Winners & Losers

Who were the key gainers and losers in the state elections?

With the five state elections completed and the results out, it is time to sit back and look at the winners and the losers. Here are the 4 key winners and losers from the election outcome.

BJP Economics a clear winner…

 That may not be the correct word but that is precisely what this election was all about. These results have been a thumbs-up for an economic philosophy which focuses on rural spending, infrastructure development and an attack on black money. If the Modi government‘s demonetization was a gamble, it surely paid off. But the real winner has been the economic agenda which has become the centerpiece of all these elections. At the end of the day, people want jobs, opportunities, facilities and spending power. That is the new narrative.

Congress; time to rethink…

 Actually the Congress did not fare too badly. It benefited substantially in Punjab and Goa due to the anti-incumbency wave. Even in Manipur the Congress redeemed itself. Of course, they can get away saying that the Congress was the junior partner in UP. But, there is no running away from the real challenges. Congress needs leadership and a complete catharsis. It needs to enthuse its cadres and tell people a credible story. The sooner they do it the better it will be for them!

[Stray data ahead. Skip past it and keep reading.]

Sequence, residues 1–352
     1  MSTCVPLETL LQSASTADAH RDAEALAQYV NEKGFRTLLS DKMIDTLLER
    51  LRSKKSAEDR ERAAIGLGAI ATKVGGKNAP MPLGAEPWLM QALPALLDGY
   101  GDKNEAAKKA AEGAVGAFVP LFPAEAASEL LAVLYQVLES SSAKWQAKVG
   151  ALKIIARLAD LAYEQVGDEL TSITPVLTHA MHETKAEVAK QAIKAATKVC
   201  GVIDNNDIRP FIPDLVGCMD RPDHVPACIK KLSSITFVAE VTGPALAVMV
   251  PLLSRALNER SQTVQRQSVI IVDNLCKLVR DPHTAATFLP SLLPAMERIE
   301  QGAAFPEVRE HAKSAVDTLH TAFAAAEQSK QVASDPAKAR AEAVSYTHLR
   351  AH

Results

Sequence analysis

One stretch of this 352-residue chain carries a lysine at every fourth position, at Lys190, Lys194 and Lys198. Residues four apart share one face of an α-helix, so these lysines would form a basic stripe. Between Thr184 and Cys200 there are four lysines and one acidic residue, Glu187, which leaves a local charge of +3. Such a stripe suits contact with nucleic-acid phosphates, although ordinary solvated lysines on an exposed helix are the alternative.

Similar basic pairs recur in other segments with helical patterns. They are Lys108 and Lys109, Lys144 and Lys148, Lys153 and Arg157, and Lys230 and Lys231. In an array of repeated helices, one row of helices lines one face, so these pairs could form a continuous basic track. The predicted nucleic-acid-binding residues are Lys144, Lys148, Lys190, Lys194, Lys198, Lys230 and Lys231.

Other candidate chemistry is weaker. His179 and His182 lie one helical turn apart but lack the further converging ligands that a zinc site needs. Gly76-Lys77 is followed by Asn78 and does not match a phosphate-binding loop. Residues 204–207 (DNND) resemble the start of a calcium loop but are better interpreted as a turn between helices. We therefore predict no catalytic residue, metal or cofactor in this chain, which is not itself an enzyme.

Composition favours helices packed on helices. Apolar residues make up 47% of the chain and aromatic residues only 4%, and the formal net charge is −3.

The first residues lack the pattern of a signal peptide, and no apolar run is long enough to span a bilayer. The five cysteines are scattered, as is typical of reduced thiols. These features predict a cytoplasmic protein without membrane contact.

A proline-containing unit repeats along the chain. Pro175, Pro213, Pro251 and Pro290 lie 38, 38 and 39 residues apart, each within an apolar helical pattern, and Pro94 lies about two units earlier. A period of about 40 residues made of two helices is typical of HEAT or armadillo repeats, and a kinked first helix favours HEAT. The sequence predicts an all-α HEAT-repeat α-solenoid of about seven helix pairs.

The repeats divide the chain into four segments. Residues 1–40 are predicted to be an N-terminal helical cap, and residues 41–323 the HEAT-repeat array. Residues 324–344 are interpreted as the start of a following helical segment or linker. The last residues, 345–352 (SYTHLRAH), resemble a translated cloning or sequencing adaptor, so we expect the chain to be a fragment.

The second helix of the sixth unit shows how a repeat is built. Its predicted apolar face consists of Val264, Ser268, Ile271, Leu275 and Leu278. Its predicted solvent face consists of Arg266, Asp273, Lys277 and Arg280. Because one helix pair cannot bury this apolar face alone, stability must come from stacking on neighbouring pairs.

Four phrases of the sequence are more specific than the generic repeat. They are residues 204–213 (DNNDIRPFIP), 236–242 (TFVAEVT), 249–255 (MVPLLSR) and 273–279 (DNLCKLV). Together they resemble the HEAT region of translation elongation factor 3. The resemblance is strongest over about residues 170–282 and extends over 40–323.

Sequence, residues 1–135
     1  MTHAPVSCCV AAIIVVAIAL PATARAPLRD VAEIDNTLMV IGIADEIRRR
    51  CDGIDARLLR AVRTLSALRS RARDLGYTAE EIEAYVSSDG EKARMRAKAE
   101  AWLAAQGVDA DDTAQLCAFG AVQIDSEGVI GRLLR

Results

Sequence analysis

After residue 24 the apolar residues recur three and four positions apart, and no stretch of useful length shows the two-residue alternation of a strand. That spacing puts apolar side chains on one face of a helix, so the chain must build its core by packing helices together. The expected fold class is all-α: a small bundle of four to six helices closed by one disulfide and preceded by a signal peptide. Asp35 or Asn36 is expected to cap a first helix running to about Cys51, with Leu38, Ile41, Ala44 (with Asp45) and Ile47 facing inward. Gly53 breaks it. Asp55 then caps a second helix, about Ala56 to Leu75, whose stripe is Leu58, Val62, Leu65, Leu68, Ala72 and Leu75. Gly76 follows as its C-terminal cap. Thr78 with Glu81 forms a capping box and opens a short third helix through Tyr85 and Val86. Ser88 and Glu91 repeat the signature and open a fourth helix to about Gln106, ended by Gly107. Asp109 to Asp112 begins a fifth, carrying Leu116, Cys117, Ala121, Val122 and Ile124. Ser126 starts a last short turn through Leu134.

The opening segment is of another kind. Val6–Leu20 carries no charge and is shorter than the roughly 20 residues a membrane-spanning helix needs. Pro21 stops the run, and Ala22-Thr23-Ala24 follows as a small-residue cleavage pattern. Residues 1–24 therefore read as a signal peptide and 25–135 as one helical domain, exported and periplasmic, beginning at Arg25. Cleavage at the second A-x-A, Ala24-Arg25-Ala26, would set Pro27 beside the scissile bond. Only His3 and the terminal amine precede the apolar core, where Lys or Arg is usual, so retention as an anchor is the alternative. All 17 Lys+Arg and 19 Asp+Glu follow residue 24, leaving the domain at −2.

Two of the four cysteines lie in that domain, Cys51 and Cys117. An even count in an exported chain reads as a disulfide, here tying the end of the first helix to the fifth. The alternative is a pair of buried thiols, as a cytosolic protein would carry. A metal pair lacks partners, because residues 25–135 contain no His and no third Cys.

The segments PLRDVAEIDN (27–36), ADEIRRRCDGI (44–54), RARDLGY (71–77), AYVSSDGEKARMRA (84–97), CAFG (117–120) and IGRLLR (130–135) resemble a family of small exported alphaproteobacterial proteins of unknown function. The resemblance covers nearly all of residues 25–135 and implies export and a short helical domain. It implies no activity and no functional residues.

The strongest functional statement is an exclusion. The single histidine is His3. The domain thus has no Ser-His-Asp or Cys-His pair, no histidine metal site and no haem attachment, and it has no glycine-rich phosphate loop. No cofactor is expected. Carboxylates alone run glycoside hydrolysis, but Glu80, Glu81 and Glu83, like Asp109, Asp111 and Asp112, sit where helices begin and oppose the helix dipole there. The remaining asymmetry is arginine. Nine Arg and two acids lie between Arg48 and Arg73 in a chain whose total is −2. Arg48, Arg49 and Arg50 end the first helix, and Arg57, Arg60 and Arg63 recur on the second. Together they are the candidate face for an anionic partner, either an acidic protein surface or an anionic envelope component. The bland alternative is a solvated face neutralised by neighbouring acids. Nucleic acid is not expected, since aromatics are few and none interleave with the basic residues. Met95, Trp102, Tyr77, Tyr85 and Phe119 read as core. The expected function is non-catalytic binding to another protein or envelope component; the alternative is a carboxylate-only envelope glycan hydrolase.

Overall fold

A wake-up call for AAP…

As Arvind Kejriwal himself admitted, the election outcome was a rude wake-up call for the Aam Aadmi Party. The AAP literally drew a blank in Goa, where it was one of the key contenders to form the government. In Punjab, the AAP was the second largest player but it hardly benefited from the anti-incumbency. That benefit was almost entirely cornered by the Congress. The Malwa region, which was supposed to be the road to AAP forming the government in Punjab, actually let them down badly. The message may be slightly bigger. The people are running out of patience with the AAP’s highly confrontational style of politics. That can be a means; not an end. The sooner the AAP proves its credentials in hands-on management, the better.

Tough times for regional parties…

The key Indian states are increasingly becoming a straight fight. Many of the post-mandal regional parties are facing some tough existential questions. These elections eloquently prove that the public at large is not really interested in politics of parochialism. Over the last 25 years people have clearly observed that this kind of politics has hardly benefited the people or the economies of these states. There seems to be a major shift away from ethnic ideas to a larger economic rationale. For regional parties, it may be a big existential issue! ©

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